What some senators call a victory, unionized hotel workers like Joli Tokusato call the passing of  senate bill 1292 a major setback.

"We're so disappointed in the senators. We felt like, you know what, if you need money it's ok to put money over people," Tokusato said.

Tokusato said she and her team, represented by UNITE HERE Local 5  have been battling the bill for years and even felt they were on a brink of a breakthrough. 

"We're just at the edge of taking control of the illegal activity and now the Senate does this," Tokusato said.

Tokusato believes the bill will have far reaching affects for the worse, taking away homes.

"Now that these people are gonna be shielded with their illegal activity, we're gonna have less homes available to rent to us as workers," Tokusato said. 

And with more homes renting to visitors, they say that will mean less benefits.

"They're supposed to be staying in traditional hotels. Those hotels pay good money. They give us pensions and they give us health benefits," Tokusato said.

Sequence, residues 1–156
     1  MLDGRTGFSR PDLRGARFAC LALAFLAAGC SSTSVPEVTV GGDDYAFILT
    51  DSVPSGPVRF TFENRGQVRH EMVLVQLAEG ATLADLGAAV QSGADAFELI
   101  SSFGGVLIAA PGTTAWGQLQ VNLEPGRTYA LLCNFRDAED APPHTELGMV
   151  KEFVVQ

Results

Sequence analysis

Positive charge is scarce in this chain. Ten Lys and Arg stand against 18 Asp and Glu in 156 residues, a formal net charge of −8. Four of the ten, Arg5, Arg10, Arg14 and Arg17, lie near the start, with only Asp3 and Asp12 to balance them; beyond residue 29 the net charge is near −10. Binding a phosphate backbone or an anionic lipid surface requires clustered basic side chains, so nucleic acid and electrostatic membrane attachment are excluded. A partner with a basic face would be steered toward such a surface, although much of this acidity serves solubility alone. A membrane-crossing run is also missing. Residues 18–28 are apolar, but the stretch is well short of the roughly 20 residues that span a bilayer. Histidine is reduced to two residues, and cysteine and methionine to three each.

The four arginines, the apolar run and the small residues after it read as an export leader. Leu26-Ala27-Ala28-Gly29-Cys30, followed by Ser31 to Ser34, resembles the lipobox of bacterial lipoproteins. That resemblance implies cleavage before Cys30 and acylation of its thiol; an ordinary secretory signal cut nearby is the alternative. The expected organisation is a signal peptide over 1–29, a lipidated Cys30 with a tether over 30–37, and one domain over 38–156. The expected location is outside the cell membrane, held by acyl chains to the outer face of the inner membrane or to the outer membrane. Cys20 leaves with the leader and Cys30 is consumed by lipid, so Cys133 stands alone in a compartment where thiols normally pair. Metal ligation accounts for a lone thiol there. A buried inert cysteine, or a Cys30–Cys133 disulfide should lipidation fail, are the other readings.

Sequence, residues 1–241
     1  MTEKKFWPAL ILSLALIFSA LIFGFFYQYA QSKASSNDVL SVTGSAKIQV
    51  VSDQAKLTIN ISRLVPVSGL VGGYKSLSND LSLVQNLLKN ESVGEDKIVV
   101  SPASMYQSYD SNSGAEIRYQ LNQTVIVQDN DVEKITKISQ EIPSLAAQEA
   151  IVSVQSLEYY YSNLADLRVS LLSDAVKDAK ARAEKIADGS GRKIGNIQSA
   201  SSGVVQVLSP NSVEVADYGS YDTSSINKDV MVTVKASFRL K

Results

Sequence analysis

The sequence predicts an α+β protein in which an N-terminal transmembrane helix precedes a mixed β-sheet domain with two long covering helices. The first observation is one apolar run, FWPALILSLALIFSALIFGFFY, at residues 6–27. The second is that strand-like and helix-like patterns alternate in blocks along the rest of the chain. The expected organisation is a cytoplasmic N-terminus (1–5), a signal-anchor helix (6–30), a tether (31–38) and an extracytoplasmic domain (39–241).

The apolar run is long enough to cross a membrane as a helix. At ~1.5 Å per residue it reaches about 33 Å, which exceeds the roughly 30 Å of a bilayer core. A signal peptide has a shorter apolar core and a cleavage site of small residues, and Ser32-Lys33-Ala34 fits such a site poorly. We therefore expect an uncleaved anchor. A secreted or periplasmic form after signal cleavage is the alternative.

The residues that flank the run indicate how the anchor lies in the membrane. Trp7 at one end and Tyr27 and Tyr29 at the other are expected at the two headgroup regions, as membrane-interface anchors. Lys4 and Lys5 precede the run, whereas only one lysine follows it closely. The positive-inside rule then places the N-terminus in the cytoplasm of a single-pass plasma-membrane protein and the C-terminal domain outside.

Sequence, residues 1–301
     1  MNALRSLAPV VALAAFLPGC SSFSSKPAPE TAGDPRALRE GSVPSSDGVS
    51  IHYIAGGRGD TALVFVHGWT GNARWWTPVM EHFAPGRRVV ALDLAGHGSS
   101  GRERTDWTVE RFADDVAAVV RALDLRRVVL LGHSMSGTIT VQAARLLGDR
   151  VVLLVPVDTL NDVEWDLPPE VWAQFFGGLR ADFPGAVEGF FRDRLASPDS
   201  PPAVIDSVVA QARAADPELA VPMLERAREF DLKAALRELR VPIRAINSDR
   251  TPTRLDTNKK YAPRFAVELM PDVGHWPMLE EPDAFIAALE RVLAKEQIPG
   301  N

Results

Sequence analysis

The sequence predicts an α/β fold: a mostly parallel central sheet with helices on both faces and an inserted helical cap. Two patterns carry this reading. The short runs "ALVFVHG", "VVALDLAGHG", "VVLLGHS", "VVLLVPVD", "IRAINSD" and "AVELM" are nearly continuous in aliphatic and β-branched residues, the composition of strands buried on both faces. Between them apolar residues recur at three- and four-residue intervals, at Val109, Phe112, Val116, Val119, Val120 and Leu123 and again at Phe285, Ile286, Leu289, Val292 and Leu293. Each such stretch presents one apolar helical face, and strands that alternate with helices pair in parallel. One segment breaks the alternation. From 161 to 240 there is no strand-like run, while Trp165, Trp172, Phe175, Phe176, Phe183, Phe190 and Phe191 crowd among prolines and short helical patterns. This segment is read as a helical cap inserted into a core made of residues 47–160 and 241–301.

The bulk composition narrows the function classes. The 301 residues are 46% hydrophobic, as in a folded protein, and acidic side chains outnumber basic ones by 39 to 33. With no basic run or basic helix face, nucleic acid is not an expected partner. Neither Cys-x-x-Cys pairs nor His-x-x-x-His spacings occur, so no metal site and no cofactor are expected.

Even though some like the Hawaii Tourism Authority showed support for the bill, Tokusato said passing it into law will end up doing more harm than good.

"Like people who work in concierge to tell them 'Hey look be careful. If you don't know Sandy Beach don't go there. That's going to be bad for tourism overall," Tokusato said. 

Meanwhile, Honolulu Council member Ron Menor criticized the senates' action releasing this statement saying:

"If enacted into law, the measure could preempt the ability of the Counties to implement and enforce strong regulations to address the proliferation of illegal vacation rentals."  

Tokusato agreed.

"They failed us. Now we're gonna have to depend on the governor to do the right thing," Tokusato said.